Home > Support > FAQ > WinCredit FAQs

WinCredit FAQs

Please note that these answers are published for general information and this web page is not intended as legal advice. Every situation has unique circumstances and if you have further questions on the legality of a search, please consult your legal advisor.

How do I register for credit searches?

WinCredit provides access to credit bureau information from TransUnion, Experian, Compuscan, XDS and TPN (Tenant Profile Network). Lexis WinDeed and WinCredit registration is required to make these searches. To register, visit register.windeed.co.za

Due to the National Credit Act (NCA) and its special legal requirements for access to credit bureau data, it is necessary to register separately for WinCredit. Once the WinCredit form and additional information have been received and processed, you will receive an email confirming your registration and have access to credit bureau searches.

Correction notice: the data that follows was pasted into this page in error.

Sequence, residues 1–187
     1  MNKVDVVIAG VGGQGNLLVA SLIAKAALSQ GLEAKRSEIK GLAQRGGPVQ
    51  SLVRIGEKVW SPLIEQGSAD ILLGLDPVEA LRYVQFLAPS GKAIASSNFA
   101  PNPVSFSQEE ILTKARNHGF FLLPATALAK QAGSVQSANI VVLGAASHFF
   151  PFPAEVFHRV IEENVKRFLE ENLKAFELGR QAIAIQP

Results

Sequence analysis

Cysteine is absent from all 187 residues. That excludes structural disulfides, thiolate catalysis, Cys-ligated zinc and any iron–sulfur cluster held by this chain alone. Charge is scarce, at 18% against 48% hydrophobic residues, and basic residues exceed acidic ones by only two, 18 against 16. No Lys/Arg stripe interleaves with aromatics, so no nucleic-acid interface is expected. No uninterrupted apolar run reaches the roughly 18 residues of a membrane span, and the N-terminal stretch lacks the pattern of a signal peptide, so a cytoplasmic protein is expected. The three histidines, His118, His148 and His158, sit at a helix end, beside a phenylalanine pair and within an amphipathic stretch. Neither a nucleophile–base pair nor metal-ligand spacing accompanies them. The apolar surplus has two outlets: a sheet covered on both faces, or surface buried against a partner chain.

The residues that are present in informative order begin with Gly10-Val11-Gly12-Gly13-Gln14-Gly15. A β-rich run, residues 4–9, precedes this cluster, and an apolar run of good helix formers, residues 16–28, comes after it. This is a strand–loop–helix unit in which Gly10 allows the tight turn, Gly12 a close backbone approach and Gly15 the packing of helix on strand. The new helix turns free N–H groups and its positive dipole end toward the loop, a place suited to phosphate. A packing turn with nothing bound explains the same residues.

Please note all Consumer Profile searches are subject to the NCA, requiring  a Prescribed Purpose  most often requiring consent. If you have any questions about this, we offer additional information on Prescribed Purposes here.

For additional questions, contact the Lexis WinDeed Support Team on
0861 WINDEED (0861 946 333) or email windeed.admin@lexisnexis.co.za.

How do I know which Prescribed Purpose to choose?

We recommend that you visit our WinCredit NCA Prescribed Purposes page for more information.

When can I request a credit report on a person for "Fraud Detection and Fraud Prevention" purposes?

While S18(4)(2) of the National Credit Act Regulations does allow you to request a credit report for “Fraud Detection and Fraud Prevention” purposes, there is a great deal of uncertainty about what that phrase really means.